This may end incentives to include workers and community groups in empowerment deals, writes Dewald van Rensburg
Lawyers and black economic empowerment (BEE) consultants are running scared after the department of trade and industry (dti) this week, out of the blue, jettisoned much of the “broad-based” part of the broad-based black economic empowerment codes.
Until Tuesday, anyone familiar with the new Codes of Good Practice would have said a company could attain the full 25 out of 25 points for black ownership if it had a large and well-designed employee share-ownership programme (Esop) or broad-based ownership scheme (BBOS).
Then, on Tuesday, a short “notice of clarification” appeared in the Government Gazette.
Now Esops and BBOS can give you a maximum of only three points – even if they account for half the company’s ownership.
Even if an Esop or BBOS isn’t completely “passive”, but has a real say in the company, the dti will still deem them voiceless – giving zero points for black voting rights.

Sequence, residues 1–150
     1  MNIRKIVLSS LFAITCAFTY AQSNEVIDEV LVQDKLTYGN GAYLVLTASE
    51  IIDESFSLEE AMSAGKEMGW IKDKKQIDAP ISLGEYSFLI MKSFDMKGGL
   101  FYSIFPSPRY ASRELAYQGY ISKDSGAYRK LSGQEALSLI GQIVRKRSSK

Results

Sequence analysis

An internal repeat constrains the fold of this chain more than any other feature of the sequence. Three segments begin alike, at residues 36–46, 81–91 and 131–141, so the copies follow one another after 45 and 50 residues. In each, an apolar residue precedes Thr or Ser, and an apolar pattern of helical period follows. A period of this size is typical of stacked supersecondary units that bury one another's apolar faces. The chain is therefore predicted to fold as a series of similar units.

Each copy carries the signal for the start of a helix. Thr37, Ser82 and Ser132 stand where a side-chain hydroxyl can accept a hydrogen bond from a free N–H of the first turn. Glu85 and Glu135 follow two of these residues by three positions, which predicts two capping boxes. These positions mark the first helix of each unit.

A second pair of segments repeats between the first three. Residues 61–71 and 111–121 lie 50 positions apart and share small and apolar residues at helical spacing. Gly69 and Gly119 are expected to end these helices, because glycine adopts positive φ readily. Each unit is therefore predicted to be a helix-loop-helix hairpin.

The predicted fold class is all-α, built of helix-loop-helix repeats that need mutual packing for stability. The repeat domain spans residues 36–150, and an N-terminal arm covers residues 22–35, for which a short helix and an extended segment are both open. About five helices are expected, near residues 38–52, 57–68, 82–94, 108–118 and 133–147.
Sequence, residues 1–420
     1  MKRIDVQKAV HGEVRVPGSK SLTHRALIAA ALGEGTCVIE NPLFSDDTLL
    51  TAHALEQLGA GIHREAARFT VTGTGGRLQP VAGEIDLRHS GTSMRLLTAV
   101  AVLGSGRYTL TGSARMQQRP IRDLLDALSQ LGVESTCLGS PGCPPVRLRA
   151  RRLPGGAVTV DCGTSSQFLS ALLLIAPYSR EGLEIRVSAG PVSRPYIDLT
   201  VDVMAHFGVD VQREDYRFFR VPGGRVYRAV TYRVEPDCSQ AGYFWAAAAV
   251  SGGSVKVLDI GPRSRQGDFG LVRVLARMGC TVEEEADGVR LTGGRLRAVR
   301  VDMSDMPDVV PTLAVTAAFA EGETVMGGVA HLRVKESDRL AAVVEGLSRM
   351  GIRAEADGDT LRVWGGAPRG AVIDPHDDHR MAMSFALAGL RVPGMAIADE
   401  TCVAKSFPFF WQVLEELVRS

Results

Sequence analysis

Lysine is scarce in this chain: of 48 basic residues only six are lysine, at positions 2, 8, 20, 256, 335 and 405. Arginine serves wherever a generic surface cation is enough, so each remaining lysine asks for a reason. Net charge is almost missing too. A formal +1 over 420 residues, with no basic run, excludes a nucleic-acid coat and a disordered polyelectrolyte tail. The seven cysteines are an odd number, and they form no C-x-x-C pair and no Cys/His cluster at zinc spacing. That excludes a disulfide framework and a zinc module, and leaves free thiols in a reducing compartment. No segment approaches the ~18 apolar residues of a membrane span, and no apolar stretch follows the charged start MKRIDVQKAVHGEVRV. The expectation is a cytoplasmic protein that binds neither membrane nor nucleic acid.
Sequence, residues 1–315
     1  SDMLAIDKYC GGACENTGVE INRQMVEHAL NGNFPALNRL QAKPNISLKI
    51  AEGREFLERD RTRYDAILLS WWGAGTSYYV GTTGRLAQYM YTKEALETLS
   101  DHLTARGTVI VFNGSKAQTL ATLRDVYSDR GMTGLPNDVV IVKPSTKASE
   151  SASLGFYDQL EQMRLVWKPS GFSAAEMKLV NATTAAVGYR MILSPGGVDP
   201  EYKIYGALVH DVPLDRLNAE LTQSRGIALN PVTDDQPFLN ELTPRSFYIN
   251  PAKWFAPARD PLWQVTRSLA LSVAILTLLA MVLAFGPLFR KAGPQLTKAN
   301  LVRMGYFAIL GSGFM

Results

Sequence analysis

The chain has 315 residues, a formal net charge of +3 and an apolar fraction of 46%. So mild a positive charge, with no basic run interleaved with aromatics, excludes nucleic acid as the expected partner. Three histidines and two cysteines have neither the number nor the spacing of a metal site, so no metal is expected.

The move could make countless companies’ existing BEE scores crash and burn – and in effect stop the practice of including workers and community groups in empowerment deals.
It is a big victory for the organised push towards a notion of BEE centred on large, active shareholdings in the hands of “black industrialists”, as advocated by a resurgent black business lobby.
One legal source said the change probably followed “a lot of lobbying” from black business movements.
Sandile Zungu, adviser to President Jacob Zuma and a member of the Broad-Based Black Economic Empowerment Advisory Council, has been a high-profile critic of broad-based schemes.